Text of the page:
ECONOMIC GROWTH: Afghanistan does not publish statistics in a detailed or timely way, and consequently no national-accounts data exist beyond 2019. In 2020 the onset of the coronavirus and its impact on trade and investment are likely to have triggered a sharp recession, with the fall in GDP estimated by the Asian Development Bank (ADB) at 5%. The ADB expects a weak recovery in real GDP this year, in the order of 1.5%.
INFLATION: The coronavirus outbreak and the poor security situation contributed to an acceleration in consumer price inflation to 5% year on year in December 2020. This conceals a peak in inflation, at 8.7%, in April at the height of pandemic-related restrictions, with prices then creeping up again in the fourth quarter. Data published by the National Statistics and Information Authority (NSIA) show that food prices were up by 7.5% year on year in December. The trajectory of inflation is therefore likely to depend on good harvests in 2021. Given the security situation, we expect food prices to rise in the mid-single digits in 2021, as agricultural investment is impeded.
EXCHANGE RATES: The afghani remained broadly stable in 2020, supported by inflows of grant aid. The year-end exchange rate appreciated slightly to Af77.1:US$1, from Af77.4:US$1 at end-2020. That the afghani has not weakened against the US dollar indicates that as long as aid inflows from bilateral partners continue to arrive, the currency will be supported. Consequently, we expect the afghani to continue to trade in its current range throughout this year.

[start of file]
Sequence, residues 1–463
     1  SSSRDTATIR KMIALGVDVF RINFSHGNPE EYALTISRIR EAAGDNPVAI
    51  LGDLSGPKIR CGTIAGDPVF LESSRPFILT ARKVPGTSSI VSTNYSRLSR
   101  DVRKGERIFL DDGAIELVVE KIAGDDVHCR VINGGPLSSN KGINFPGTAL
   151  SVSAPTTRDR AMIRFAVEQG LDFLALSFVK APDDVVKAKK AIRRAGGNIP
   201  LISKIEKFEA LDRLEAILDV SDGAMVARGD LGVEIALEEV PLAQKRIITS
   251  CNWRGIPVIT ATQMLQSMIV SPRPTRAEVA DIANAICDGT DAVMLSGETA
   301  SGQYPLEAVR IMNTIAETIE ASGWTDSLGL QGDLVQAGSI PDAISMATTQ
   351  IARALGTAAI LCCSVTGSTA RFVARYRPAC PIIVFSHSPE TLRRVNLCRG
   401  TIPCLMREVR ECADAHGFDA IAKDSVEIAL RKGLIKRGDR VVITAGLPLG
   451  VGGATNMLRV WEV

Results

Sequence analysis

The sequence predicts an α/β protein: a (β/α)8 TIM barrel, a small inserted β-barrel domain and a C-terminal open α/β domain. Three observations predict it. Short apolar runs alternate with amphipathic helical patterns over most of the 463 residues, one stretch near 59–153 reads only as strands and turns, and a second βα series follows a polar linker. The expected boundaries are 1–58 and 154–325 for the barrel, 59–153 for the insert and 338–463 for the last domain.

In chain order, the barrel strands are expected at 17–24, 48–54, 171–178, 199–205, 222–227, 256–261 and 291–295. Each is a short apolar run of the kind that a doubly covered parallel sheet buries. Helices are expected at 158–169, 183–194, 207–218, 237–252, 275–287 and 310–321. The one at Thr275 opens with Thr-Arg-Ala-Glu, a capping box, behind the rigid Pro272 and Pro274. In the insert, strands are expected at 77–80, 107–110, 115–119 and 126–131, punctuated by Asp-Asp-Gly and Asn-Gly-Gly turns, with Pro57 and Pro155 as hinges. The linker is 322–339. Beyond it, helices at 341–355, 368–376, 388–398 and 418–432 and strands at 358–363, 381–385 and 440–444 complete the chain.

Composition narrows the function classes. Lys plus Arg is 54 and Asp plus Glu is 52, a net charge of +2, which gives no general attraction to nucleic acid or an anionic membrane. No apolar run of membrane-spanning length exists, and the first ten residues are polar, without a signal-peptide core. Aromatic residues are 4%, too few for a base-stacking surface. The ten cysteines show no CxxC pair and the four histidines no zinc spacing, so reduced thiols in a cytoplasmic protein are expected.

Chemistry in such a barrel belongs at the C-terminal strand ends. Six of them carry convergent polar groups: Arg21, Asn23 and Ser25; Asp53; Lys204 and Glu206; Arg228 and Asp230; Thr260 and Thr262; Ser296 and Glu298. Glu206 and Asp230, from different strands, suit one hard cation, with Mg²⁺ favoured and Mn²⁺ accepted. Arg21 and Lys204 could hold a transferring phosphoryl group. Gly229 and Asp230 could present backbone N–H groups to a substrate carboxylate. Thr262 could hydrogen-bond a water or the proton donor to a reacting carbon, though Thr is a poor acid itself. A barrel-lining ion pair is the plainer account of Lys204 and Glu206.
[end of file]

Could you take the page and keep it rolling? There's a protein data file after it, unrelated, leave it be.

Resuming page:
EXTERNAL SECTOR: Afghanistan continues to run a large trade deficit, although the recent agreement with Pakistan to roll over a transit trade agreement should give some temporary support to exports. Data published by the NSIA for the third quarter of 2020 (which exclude smuggled goods, such as drugs) show a 5% year-on-year drop in exports to US$198m, whereas imports rose by 20.9% to US$1.9bn. This suggests that the full-year trade deficit will exceed the US$5.9bn reported in 2019.